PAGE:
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Suspect nicknamed Dung Body pleads guilty to running illegal casinos in Santa Ana and bribing a police officer – New Santa Ana

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SANTA ANA, California – A Fountain Valley man has agreed to plead guilty to federal offenses for operating illegal gambling dens and paying $128,000 in cash bribes to a Santa Ana Police officer to avoid law enforcement scrutiny of his underground casinos, according to a plea agreement filed today in federal court.

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Niem Ngoc Ha, aka “Dung Body,” 47, agreed to plead guilty to conspiracy, operating an illegal gambling business and bribery. These three offenses cumulatively carry a statutory maximum sentence of 20 years in federal prison. Ha is expected to formally enter the guilty pleas in court in the coming weeks.

In the plea agreement, Ha admitted that he opened and operated four illegal casinos commonly called “nets” (if they are in a commercial district) or “slaphouses” (for those in residential areas), all of which were located in Santa Ana. Ha admitted to conspiring with three others to operate the casinos, which featured video gambling machines and generated thousands of dollars in profits each day.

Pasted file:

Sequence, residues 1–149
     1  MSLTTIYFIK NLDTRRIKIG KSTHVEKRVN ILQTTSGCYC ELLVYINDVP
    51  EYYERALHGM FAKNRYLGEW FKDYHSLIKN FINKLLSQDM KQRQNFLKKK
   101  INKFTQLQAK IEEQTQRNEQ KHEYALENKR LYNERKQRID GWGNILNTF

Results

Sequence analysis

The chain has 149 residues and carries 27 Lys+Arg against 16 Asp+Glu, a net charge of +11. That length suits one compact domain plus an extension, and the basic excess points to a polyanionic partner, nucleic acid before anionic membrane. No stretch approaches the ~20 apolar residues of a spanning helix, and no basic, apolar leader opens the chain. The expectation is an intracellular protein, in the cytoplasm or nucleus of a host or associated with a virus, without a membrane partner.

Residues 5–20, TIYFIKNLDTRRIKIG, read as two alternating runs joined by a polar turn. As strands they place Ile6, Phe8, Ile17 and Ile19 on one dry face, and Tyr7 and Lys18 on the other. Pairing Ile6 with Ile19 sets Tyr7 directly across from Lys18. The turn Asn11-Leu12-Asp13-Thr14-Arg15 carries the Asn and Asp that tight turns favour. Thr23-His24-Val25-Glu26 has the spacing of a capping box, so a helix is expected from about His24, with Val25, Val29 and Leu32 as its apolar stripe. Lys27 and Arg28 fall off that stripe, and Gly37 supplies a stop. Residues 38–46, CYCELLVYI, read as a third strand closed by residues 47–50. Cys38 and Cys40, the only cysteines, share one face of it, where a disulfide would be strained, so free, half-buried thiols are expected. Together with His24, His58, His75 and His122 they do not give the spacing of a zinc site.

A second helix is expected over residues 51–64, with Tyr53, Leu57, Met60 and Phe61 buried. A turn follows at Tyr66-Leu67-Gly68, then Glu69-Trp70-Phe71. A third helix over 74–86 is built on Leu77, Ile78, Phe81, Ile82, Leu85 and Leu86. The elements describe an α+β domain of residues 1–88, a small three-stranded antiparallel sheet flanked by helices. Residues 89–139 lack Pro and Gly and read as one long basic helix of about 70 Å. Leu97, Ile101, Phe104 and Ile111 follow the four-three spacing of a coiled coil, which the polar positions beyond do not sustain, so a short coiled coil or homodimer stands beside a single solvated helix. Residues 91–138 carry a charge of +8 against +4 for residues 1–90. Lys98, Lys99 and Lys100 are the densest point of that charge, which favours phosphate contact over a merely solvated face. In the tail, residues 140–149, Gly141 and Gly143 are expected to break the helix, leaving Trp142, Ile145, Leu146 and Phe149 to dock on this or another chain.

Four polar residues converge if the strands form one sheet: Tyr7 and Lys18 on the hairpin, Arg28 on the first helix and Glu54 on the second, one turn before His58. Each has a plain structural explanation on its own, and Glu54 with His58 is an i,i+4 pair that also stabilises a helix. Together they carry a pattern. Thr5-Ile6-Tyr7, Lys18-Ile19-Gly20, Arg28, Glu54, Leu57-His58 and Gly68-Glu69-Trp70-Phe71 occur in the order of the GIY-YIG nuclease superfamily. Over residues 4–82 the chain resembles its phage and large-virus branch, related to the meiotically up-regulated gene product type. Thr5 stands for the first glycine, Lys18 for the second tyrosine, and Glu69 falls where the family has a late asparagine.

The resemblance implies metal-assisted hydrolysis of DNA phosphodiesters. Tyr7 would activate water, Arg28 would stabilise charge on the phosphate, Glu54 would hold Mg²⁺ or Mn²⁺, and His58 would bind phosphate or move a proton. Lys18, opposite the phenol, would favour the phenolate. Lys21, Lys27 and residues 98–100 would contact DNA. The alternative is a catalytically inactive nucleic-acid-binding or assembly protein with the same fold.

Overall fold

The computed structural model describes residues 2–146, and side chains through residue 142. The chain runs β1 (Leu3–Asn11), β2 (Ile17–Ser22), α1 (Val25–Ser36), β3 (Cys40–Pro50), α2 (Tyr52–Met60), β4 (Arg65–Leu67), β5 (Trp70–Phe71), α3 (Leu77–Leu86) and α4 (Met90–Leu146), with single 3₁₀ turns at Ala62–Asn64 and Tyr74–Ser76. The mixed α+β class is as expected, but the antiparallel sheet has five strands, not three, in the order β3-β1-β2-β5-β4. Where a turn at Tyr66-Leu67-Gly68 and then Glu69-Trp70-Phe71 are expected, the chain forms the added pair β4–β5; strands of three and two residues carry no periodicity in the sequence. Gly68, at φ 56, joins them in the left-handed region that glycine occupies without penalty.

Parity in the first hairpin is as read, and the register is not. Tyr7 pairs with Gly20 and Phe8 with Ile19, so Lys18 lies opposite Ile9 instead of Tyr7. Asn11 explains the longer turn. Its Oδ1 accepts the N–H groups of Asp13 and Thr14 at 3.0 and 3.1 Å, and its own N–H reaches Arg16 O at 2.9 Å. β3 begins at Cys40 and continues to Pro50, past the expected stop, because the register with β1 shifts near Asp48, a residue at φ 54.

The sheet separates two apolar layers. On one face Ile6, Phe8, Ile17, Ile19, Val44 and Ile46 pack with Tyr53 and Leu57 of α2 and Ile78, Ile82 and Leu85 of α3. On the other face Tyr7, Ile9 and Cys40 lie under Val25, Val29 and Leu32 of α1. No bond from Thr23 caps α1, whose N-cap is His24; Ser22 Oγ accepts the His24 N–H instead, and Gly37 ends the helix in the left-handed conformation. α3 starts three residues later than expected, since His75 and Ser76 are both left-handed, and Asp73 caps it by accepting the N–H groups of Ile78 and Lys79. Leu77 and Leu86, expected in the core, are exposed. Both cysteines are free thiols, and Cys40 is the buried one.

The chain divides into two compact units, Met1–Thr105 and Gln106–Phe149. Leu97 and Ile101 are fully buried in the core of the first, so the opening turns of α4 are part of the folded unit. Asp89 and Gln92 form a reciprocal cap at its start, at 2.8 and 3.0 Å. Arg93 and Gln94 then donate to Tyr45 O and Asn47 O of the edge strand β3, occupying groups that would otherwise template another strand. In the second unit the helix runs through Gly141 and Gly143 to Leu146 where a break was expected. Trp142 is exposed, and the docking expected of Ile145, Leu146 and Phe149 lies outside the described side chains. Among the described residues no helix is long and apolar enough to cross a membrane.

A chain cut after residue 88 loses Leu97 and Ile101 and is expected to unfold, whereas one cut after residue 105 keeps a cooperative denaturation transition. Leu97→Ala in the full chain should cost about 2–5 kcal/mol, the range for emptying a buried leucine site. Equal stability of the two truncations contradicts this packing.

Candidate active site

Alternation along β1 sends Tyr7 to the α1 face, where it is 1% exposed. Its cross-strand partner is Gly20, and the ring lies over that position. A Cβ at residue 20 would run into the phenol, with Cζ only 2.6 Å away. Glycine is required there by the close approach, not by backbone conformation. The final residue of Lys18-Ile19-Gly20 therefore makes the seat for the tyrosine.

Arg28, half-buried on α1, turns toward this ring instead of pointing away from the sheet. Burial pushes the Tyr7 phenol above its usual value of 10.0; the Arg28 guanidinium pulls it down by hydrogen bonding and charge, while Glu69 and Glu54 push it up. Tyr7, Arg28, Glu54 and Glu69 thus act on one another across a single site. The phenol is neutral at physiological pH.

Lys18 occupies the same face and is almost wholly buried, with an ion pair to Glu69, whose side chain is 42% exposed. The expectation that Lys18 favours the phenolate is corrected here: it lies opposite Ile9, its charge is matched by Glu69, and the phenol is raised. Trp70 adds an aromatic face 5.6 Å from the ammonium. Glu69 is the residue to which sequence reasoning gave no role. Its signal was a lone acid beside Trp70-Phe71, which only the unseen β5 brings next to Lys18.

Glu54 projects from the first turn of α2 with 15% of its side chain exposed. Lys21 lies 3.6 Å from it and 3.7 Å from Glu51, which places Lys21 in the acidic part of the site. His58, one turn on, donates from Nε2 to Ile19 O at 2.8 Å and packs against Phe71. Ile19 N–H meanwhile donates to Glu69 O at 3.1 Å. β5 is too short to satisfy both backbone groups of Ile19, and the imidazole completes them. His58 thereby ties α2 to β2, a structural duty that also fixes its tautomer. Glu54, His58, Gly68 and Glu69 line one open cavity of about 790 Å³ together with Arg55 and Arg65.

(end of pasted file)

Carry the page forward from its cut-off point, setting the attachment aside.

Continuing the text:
Ha acknowledged that acts of violence took place at the casinos. In one case, Ha directed a co-conspirator to physically assault a casino patron who had started a fight, and, in a separate incident, a worker at another casino was shot in the neck, according to the plea agreement.

Ha also admitted that over the course of about six months in 2020 he paid approximately $128,000 to then-Santa Ana Police Officer Steven Lopez in an effort to protect his illicit casinos from law enforcement intervention. Lopez, who pleaded guilty in December 2020 to accepting the bribes and is no longer employed by the Santa Ana Police Department, is scheduled to be sentenced on June 5, 2023.

Ha was one of nine defendants named in three indictments focusing on illegal gambling, attempted extortion and drug trafficking that were unsealed following a law enforcement takedown in May. Ha was named in an indictment that charges three other alleged co-conspirators, all of whom are currently scheduled to go on trial next May.

An indictment contains allegations that a defendant has committed a crime. Every defendant is presumed to be innocent until and unless proven guilty in court.

The investigation into illegal gambling houses in Orange County is being conducted under the auspices of the Orange County Asian Organized Crime Task Force. The primary investigatory agencies are the FBI; the Santa Ana Police Department; the California Department of Justice, Bureau of Gambling Control; IRS Criminal Investigation; and the United States Postal Inspection Service.

Assistant United States Attorneys Daniel S. Lim and Benjamin D. Lichtman of the Santa Ana Branch Office are prosecuting this case.




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